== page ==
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Speedups of elementary functions

March 11, 2010

I have a fairly large backlog of changes in mpmath to blog about. For today, I’ll just briefly mention the most recent one, which is a set of optimizations to elementary functions. The commit is here. I intend to provide much faster Cython versions of the elementary functions some time in the future, but since there was room for optimizing the Python versions, I decided to invest a little time in that.

Most importantly, the asymptotic performance of trigonometric function has been improved greatly, due to a more optimized complexity reduction strategy. The faster strategy was previously used only for exp, but cos/sin are virtually identical in theory so fixing this was mostly a coding problem. In fact, the high-precision code for exp/cosh/sinh/cos/sin is largely shared now, which is nice because only one implementation needs to be optimized.

The following image shows performance for computing cos(3.7). The red graph is the old implementation; blue is new. The top subplot shows evaluations/second at low precision, i.e. higher is better, and the bottom subplot shows seconds/evaluation at higher precision, i.e. lower is better.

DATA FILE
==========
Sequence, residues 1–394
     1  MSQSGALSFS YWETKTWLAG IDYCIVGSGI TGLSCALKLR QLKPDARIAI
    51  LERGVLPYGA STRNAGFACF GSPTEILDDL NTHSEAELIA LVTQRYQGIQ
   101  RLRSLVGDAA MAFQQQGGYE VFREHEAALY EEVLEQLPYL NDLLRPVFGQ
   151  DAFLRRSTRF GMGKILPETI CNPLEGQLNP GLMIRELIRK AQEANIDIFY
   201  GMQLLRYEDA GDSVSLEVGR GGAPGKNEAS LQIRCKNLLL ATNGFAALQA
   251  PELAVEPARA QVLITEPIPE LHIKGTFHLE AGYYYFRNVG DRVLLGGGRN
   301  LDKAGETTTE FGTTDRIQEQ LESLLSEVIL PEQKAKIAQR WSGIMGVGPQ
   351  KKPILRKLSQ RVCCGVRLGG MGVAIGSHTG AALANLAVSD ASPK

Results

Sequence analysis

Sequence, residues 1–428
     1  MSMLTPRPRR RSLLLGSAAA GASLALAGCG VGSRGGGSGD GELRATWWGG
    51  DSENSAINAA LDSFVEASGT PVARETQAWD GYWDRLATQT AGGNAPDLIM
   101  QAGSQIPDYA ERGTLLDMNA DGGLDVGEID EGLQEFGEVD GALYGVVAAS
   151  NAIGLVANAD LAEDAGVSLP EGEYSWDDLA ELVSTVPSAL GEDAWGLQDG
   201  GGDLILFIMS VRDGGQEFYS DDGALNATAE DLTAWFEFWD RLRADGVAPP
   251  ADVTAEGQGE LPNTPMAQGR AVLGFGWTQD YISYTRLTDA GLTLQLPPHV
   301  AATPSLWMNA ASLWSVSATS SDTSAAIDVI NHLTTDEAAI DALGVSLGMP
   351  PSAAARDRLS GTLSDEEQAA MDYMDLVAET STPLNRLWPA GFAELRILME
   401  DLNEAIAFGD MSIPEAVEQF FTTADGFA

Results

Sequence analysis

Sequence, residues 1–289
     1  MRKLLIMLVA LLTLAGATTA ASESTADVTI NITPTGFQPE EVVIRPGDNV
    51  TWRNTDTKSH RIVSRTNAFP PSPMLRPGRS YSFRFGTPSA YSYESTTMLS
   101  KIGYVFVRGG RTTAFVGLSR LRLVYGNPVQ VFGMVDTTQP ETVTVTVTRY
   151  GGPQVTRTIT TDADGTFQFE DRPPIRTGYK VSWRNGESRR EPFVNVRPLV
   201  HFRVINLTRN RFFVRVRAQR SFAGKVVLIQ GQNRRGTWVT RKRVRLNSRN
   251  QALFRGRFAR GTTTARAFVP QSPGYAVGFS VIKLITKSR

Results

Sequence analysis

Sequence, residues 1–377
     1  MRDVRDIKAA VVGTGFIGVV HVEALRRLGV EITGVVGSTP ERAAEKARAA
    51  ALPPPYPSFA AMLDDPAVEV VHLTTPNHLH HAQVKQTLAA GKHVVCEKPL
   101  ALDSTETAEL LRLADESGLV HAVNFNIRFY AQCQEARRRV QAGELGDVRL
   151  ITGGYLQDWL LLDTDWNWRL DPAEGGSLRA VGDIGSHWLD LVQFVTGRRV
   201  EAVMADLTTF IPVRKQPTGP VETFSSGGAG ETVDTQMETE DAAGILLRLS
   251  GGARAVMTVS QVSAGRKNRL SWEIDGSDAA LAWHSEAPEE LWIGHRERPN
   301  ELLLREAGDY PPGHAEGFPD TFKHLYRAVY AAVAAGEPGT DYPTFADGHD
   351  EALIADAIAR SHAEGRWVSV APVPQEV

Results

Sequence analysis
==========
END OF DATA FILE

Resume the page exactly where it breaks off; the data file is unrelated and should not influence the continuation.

Already at a few thousand bits, the new code is more than twice as fast, and then it just gets better and better. There is also a little less overhead at low precision now, so the new code is uniformly faster.

Also exp, cosh and sinh have been optimized slightly. Most importantly, there is a little less overhead at low precision, but asymptotic speed has also improved a bit.

Performance for computing cosh(3.7):

Performance for computing exp(3.7):

I should note that the performance depends on some tuning parameters which naturally are system-specific. The results above are on a 32-bit system with gmpy as the backend. I hope to later implement optimized tuning parameters for other systems as well.

Elementary function performance is of course important globally, but it’s especially important for some specific functions. For example, the speed of the Riemann zeta function depends almost proportionally on the total speed of evaluating one exp, one log, one sine, and one cosine, since the main part of the work consists of summing the truncated L-series

With the improved elementary functions, and some overhead removals to the zetasum code in the same commit, the Riemann zeta function is up to 2x faster now, and about 50% faster on the critical line.